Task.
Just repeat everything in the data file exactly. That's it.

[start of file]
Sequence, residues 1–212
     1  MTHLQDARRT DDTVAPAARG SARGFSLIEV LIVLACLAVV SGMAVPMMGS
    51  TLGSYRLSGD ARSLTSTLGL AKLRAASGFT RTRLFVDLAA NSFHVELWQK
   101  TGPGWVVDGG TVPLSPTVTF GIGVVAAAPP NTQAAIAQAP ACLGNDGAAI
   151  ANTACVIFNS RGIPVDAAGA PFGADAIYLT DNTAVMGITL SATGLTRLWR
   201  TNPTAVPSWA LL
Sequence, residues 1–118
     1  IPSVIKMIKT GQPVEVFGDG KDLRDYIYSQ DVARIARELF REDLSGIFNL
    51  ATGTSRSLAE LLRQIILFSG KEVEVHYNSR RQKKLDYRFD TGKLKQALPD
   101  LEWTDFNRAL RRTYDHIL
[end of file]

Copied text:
Sequence, residues 1–212
     1  MTHLQDARRT DDTVAPAARG SARGFSLIEV LIVLACLAVV SGMAVPMMGS
    51  TLGSYRLSGD ARSLTSTLGL AKLRAASGFT RTRLFVDLAA NSFHVELWQK
   101  TGPGWVVDGG TVPLSPTVTF GIGVVAAAPP NTQAAIAQAP ACLGNDGAAI
   151  ANTACVIFNS RGIPVDAAGA PFGADAIYLT DNTAVMGITL SATGLTRLWR
   201  TNPTAVPSWA LL
Sequence, residues 1–118
     1  IPSVIKMIKT GQPVEVFGDG KDLRDYIYSQ DVARIARELF REDLSGIFNL
    51  ATGTSRSLAE LLRQIILFSG KEVEVHYNSR RQKKLDYRFD TGKLKQALPD
   101  LEWTDFNRAL RRTYDHIL